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Family Presence & Visitation Policies

MUSC Health is committed to a patient and family-centered approach to care that is grounded in mutually beneficial partnerships among patients, families, and staff. 

Policy & Purpose

MUSC Health welcomes the presence and participation of families, visitors and other partners in care, according to patient preferences, in order to promote a healing environment for the patient. MUSC Health will make every reasonable effort to facilitate access to our hospitals by family and visitors, while ensuring that staff and physicians can safely and compassionately care for patients.

  • At least one adult family member is welcome at the patient's bedside 24 hours a day, 7 days a week to promote communication, meet the cognitive and emotional needs of the patient and family, and to enhance the family caregiver's knowledge and skill. Other visitors are welcome from 9 a.m. to 9 p.m. every day.
  • For the safety and security of you and your child, please bring a photo ID to obtain a visitor's badge at any MUSC Health Security or Welcome Desk. All inpatient units are locked for the protection of our patients and families and this badge is required to access the unit.
  • Children over the age of two may visit, with adult supervision, and should be coordinated with the patient's health care team.
  • For the safety of our patients, any visitor showing signs of illness is asked not to visit the Children's Hospital. Signs and symptoms include, but are not limited to, persistent cough, sneezing, rash, fever, chills, weakness, fatigue, vomiting, and dizziness.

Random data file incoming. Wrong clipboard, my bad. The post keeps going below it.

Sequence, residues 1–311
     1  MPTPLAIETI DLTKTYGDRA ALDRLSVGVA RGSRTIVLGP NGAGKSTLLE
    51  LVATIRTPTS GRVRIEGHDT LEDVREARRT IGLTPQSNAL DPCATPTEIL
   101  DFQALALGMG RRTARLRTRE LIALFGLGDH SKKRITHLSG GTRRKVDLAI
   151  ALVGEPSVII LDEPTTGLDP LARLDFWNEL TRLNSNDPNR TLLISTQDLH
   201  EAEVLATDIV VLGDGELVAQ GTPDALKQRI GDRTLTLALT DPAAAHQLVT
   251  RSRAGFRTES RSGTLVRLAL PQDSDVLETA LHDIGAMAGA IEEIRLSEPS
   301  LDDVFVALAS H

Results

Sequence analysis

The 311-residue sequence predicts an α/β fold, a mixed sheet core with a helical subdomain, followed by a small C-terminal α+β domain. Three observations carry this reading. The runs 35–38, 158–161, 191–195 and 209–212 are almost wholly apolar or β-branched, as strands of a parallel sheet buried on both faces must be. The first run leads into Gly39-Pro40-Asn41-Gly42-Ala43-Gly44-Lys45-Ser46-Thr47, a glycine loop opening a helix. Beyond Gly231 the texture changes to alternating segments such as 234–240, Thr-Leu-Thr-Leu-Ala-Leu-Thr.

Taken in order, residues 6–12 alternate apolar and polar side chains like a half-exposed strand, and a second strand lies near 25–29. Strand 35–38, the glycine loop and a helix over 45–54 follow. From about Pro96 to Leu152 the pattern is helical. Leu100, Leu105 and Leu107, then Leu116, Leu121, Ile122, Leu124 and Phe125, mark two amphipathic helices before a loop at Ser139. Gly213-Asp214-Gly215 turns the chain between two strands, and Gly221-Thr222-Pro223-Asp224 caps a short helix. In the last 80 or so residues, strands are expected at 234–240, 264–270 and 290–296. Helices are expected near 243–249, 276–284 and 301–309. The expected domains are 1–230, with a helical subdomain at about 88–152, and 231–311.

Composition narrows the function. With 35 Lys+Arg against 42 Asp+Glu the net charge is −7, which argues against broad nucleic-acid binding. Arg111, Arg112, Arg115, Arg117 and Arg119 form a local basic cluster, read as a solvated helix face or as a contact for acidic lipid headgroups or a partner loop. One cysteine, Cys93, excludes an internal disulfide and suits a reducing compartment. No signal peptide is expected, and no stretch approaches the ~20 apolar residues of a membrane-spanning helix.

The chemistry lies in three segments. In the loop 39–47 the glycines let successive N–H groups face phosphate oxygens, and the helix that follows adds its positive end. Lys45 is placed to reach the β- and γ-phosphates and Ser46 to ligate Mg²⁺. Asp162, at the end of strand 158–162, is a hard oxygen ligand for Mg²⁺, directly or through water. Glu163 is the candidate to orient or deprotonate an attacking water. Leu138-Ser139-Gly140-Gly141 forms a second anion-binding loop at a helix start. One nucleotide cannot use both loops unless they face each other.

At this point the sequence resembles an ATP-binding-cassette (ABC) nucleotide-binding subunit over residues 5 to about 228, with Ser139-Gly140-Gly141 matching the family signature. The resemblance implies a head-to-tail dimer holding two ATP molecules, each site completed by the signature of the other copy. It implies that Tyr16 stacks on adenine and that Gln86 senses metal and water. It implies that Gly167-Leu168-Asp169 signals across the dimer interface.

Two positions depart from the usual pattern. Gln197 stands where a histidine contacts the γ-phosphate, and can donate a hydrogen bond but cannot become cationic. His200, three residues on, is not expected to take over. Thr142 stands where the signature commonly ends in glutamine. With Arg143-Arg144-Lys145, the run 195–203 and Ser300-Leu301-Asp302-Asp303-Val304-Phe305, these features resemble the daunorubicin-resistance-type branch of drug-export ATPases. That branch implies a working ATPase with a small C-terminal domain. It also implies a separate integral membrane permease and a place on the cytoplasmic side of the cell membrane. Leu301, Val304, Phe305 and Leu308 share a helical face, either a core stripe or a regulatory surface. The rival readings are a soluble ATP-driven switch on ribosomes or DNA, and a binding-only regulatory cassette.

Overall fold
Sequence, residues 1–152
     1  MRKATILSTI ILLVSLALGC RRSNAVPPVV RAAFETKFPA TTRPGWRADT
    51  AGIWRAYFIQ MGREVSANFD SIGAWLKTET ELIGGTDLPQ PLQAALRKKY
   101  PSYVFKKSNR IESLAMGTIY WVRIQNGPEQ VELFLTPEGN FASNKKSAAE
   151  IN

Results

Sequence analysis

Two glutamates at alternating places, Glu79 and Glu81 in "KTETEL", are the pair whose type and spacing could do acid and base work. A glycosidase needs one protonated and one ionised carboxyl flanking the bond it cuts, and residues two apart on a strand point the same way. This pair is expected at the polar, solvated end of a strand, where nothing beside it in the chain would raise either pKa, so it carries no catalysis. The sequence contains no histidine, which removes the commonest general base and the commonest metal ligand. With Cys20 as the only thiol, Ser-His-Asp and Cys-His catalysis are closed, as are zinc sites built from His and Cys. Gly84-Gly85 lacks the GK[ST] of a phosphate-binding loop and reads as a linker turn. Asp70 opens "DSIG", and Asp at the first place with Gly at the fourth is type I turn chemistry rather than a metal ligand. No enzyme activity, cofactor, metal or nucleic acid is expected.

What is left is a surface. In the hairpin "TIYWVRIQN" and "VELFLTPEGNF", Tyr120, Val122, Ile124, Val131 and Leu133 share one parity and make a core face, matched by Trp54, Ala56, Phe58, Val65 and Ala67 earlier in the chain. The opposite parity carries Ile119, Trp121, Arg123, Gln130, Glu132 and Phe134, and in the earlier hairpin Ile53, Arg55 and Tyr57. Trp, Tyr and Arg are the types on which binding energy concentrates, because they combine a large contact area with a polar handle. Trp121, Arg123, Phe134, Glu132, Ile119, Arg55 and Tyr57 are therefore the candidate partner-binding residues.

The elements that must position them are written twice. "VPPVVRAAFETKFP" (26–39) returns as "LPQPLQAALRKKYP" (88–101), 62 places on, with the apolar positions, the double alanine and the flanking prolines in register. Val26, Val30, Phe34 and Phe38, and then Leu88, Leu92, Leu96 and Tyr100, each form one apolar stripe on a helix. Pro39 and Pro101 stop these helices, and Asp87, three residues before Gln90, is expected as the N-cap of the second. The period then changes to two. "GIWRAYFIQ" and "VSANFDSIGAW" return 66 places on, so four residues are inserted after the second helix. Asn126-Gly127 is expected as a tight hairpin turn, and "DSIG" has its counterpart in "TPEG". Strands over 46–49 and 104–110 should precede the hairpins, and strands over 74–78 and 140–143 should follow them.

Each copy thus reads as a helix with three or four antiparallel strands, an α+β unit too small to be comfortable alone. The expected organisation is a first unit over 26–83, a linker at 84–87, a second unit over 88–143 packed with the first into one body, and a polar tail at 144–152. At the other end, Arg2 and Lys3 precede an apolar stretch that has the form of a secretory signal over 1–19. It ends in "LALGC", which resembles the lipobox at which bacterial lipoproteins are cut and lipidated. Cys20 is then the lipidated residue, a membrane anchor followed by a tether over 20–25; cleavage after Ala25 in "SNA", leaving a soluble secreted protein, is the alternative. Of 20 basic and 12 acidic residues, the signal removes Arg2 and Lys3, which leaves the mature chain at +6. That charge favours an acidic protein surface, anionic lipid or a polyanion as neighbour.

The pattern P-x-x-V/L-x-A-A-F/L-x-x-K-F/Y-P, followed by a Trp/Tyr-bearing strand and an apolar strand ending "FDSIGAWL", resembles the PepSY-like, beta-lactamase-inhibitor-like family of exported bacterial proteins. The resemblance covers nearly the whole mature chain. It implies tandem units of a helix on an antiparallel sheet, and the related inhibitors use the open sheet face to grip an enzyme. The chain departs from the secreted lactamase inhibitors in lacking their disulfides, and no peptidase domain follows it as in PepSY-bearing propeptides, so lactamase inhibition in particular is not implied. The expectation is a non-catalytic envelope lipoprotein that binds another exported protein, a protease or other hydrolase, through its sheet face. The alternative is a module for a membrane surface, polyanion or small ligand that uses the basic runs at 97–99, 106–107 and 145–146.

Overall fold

• MUSC Health reserves the right to limit or restrict visitation.

Definitions

Family: The patient chooses who he/she considers to be their family. Most often these individuals are the patient's primary support persons – those who normally provide a patient with significant physical, psychological or emotional support. Examples might be a close family member, domestic or same-sex partner, spouse, sibling or best friend. Patients define who is family, and how they will be involved in their care. In pediatrics, family members are defined by the patient's parents or legal guardians.

Patient's Personal Representative: It is helpful if patients can choose one support person to serve as their "spokesperson" for family presence and visitation. The spokesperson can help relay information to family and friends, manage the patient's visitation preferences and help coordinate "switching'' of visitors when appropriate.

Visitors: Any person who does not play a significant role in the on-going care of the patient.

Child: Any person less than 18 years of age except for emancipated minors.